The Art of Tetman Callis Lit & Crit Keeping out of your own way

Keeping out of your own way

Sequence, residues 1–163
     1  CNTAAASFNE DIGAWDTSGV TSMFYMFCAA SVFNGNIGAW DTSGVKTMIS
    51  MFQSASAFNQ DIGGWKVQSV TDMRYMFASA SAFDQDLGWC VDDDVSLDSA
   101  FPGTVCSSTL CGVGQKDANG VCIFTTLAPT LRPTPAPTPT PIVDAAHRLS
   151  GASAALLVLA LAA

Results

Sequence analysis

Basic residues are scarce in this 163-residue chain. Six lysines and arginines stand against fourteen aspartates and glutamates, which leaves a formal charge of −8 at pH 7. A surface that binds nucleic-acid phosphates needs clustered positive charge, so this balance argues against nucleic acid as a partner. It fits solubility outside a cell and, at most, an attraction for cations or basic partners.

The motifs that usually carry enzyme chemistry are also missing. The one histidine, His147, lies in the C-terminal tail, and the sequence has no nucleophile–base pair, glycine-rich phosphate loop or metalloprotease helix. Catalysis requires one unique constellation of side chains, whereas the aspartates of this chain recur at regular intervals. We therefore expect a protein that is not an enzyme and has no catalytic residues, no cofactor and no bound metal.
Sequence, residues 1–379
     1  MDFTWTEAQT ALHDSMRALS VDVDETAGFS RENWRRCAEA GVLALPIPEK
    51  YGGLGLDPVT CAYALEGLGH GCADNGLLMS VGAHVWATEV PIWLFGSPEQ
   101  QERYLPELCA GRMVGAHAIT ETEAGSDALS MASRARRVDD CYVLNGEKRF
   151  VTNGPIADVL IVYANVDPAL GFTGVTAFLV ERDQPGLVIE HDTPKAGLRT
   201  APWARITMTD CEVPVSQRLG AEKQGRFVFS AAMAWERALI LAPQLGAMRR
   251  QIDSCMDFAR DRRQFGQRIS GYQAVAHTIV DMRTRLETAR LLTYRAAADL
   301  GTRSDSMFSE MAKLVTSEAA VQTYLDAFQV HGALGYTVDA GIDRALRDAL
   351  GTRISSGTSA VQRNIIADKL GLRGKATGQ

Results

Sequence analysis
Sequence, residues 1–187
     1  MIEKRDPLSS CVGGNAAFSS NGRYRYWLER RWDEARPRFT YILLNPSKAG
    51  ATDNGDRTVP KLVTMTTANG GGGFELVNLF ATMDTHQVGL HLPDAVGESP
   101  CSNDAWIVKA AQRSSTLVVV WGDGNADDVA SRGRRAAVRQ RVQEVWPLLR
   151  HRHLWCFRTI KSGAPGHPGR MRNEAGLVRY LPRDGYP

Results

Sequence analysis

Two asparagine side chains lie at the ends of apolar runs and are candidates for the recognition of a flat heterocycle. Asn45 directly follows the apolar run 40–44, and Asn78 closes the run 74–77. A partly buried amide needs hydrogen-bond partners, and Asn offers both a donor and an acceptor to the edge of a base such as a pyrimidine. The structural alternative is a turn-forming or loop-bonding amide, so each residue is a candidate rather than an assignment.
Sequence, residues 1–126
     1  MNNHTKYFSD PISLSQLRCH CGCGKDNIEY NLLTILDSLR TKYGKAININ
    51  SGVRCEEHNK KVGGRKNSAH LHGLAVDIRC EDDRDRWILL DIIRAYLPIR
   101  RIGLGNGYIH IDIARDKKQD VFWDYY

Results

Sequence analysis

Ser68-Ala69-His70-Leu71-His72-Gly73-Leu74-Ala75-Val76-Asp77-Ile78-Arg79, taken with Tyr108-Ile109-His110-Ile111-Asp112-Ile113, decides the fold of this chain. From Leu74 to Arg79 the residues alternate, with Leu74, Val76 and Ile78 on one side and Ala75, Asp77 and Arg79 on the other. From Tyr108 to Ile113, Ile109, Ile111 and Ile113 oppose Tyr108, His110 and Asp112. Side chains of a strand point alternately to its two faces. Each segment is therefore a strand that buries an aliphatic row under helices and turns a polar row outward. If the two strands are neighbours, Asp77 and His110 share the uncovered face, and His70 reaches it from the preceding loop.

“The subject—the striving individual bent on furthering his own egoistic purposes—can be thought of only as an enemy to art, never as its source.  But to the extent that the subject is an artist he is already delivered from individual will and has become a medium through which the True Subject celebrates his redemption in illusion.  For better or worse, one thing should be quite obvious to all of us: the entire comedy of art is not played for our own sakes—for our betterment or education, say—nor can we consider ourselves the true originators of that art realm; while on the other hand we have every right to view ourselves as esthetic projections of the veritable creator and derive such dignity as we possess from our status as art works.  Only as an esthetic product can the world be justified to all eternity—although our consciousness of our own significance does scarcely exceed the consciousness a painted soldier might have of the battle in which he takes part.  Thus our whole knowledge of art is at bottom illusory, seeing that as mere knowers we can never be fused with that essential spirit, at the same time creator and spectator, who has prepared the comedy of art for his own edification.  Only as the genius in the act of creation merges with the primal architect of the cosmos can he truly know something of the eternal essence of art.  For in that condition he resembles the uncanny fairy tale image which is able to see itself by turning its eyes.  He is at once subject and object, poet, actor, and audience.” – Friedrich Nietzsche, The Birth of Tragedy from the Spirit of Music (emphasis in original; trans. Golffing)

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